In a sunlit garden tucked behind state parliament’s Macquarie Street gates, a group of actors in suits and twin-sets are sipping fake champagne. On set for the ABC drama Rake, they are playing politicians, lawyers and diplomats.
Matt Day’s character, a clean-cut tax lawyer, talks politics with the attorney-general, played by Geoff Morrell. His girlfriend, Missy (Adrienne Pickering), hobnobs with the wives and girlfriends.
In her pearls and tailored jacket, she looks as respectable as the rest but her eyes are anxious. As she talks, she looks about for former clients who could expose her as a one-time, high-class hooker.
That is how things are in Rake. Lawyers spend as much time in brothels as they do in court, husbands and wives cheat, and renowned economists hide cannibalistic yearnings.
Amid all the hypocrisy, Cleaver Greene – the rake of the title – is an honest rogue. In trouble with the tax office, drowning in gambling debts and reeling from one woman to the next, he somehow manages a successful career as a criminal barrister.
"The series settled around this idea we had for a character who was both terribly self-destructive and extremely charismatic," says Richard Roxburgh, the series co-creator and star. "There’s this tension between his shambolic personal life and his intelligence and professional success. People like that are always fascinating. You can’t help but wonder why they can’t get their shit together."
Roxburgh clearly relishes the role. He is devilishly charming as Cleaver, whether in court, at parties or by the side of a road at the mercy of a stand-over man.
"It was my love job," he says. "I’ve never done anything on screen that I had such a creative hand in. I’m not going to pretend it wasn’t ridiculously hard work but it was so beautiful. When we watched the episodes, we’d be crying in one scene then laughing hysterically in the next. We felt we had lightning in the bottle."
For all his excesses, Cleaver Greene rings true as a character. Very true for Roxburgh, who is a friend of the Sydney barrister and writer Charles Waterstreet. Friends call Waterstreet charming and exasperating.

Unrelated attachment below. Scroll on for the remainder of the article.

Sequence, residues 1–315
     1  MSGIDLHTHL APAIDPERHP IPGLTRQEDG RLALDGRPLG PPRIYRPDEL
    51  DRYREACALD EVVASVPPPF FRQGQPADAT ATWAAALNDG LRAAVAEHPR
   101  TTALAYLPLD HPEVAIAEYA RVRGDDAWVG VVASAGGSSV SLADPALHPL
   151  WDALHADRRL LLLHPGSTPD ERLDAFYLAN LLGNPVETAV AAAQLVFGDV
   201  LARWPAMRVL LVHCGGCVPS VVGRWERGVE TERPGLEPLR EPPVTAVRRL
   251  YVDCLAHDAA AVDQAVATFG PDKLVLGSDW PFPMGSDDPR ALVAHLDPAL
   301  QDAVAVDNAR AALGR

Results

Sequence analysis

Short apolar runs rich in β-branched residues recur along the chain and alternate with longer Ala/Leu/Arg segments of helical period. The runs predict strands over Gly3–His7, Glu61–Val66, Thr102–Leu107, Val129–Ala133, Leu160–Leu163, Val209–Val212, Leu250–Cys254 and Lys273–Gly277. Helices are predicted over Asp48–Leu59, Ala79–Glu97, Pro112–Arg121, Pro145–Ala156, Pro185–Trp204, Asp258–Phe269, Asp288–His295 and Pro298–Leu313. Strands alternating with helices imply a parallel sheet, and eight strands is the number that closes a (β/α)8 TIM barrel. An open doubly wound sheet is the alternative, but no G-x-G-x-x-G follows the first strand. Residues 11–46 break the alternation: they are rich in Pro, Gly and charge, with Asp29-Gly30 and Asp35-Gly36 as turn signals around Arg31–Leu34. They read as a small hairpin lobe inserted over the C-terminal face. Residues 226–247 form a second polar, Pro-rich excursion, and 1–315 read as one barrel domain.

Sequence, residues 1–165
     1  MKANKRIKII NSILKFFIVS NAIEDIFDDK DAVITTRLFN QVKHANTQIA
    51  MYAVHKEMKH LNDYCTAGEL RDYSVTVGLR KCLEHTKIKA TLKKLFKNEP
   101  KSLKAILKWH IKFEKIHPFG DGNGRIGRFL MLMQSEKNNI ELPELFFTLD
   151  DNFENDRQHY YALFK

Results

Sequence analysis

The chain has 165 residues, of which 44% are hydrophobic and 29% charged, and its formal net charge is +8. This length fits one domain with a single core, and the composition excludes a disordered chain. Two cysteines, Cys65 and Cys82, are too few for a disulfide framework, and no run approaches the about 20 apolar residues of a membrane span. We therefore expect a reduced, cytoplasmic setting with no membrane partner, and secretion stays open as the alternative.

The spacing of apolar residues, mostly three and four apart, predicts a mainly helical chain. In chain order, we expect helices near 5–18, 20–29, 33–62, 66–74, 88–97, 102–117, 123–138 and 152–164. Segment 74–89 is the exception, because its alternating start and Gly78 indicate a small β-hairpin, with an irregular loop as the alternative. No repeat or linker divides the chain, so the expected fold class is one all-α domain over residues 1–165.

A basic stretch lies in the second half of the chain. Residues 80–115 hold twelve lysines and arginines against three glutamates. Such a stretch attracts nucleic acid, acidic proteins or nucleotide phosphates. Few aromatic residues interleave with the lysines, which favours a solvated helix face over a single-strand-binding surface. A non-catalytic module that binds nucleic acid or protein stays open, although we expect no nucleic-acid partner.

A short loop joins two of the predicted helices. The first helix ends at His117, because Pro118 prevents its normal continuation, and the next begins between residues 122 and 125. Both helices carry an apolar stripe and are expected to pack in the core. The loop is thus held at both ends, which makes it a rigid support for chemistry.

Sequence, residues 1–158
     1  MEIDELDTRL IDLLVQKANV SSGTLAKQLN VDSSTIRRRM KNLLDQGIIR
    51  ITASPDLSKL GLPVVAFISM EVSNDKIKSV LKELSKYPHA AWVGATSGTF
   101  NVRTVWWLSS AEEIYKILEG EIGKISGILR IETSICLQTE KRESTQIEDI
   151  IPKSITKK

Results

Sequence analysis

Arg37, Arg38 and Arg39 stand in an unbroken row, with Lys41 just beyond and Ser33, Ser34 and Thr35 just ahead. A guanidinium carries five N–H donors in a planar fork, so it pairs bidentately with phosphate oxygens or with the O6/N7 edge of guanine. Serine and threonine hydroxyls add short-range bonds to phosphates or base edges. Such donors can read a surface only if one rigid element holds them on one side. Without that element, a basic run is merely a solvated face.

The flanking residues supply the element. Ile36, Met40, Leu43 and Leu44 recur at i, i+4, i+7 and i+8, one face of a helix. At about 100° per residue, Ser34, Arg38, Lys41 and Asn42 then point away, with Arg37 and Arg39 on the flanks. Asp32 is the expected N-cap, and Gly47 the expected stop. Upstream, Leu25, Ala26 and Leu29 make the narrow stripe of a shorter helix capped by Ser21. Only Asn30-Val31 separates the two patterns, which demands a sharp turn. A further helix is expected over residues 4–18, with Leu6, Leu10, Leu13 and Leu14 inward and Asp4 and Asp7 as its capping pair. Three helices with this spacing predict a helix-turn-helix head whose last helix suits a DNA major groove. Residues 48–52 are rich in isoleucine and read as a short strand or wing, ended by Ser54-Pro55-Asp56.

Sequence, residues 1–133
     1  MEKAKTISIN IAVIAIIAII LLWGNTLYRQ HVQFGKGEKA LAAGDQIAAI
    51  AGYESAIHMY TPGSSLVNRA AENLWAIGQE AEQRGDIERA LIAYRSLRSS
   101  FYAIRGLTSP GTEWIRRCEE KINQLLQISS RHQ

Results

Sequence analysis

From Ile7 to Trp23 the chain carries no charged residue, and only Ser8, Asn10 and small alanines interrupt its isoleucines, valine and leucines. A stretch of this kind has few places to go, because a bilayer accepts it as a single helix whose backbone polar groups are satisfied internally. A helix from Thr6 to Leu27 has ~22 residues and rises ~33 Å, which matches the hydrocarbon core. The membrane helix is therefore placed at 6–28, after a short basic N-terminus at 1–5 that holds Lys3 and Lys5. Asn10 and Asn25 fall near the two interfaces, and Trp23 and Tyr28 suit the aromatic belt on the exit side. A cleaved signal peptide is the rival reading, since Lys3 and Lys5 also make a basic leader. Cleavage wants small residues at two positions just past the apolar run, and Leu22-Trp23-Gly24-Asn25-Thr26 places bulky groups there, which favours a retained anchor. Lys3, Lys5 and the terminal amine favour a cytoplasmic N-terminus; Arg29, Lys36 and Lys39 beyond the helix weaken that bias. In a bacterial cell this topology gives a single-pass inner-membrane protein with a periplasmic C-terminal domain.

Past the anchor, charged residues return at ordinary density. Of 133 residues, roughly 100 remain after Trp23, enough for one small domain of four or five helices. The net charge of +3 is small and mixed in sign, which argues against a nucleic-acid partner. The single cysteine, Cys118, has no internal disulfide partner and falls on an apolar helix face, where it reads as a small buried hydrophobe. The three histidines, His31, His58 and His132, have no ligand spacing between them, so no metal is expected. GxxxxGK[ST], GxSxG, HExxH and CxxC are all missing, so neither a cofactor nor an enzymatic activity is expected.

Newspapers call him colourful. He has worked on high-profile cases, written books and produced films. He has dated famous women, battled alcoholism and, by his own admission, frittered away his wealth.
Though fictional, Rake draws some inspiration from Waterstreet, who worked on the series as a legal consultant. "He gave me a couple of good ideas," Roxburgh says. "In terms of the idea of a defence lawyer whose personal life is a disaster area, well, there was some interesting influence there."
Roxburgh also mentions an old university friend who was "highly intelligent, very funny and constantly being beaten up".
"These terribly flawed but remarkable people … a lot of the time the thing feeding their genius is also feeding their demons," he says. "The fountainhead of their brilliance is also the source of the things that are their undoing."
In court, Cleaver Greene has a knack for hopeless cases. He defends cannibals, bigamists, drug lords and murderers, entertaining jurors and scandalising judges.
"He is a perpetual champion of the irredeemable," Roxburgh says. "He’s not saintly but he thinks, ‘There but for the grace of God, go I.’ He’s a great lover of humanity. That’s why he can get away with anything. He loves people and that’s always appealing."
The cases, though often bizarre, have their roots in reality. The writers, Peter Duncan and Andrew Knight, combed newspapers and the internet for stories. In the first episode, Hugo Weaving guest stars as a mild-mannered economist with a taste for human flesh. Terrifyingly reasonable, Weaving’s character protests that he is not a murderer – just a cannibal. "That came from a story I read a few years ago about a pretty interesting case in Germany," says Duncan, who also directed a couple of episodes of the series. "It stuck in my mind."
Another episode, guest starring an uncharacteristically raunchy Lisa McCune, sees Cleaver defending a 40-year-old mother who seduced a juror for information after her daughter’s murder trial.
The cases never dominate the action. "There are so many legal dramas on television," Duncan says. "That was something we discussed – how do we make this different? We didn’t want it to be a procedural show. What’s really engaging is what’s going on in Cleaver’s life."
The script was compelling enough to attract an impressive cast. As well as Weaving – who hasn’t acted in a television series for more than a decade – and McCune, it stars Rachel Griffiths, Sam Neill, Sacha Horler and Russell Dykstra.
"We know a few people," Duncan says. "That helped but they all really loved it. Hugo is an old friend of Richard’s and he loved the script. We had a ball when he was on set. The same goes for Rachel. Lisa was great, too. She loved the idea of playing someone naughty."
For Roxburgh, the show was a chance to "get together with mates and make something we’d like to watch ourselves".
"As an actor, you can’t go around and grizzle about the work available if you have the ability to do something active about it," he says. "This gave us the opportunity to produce, direct and act in something stimulating."
Rake begins on ABC1 on Thursday at 8.30pm.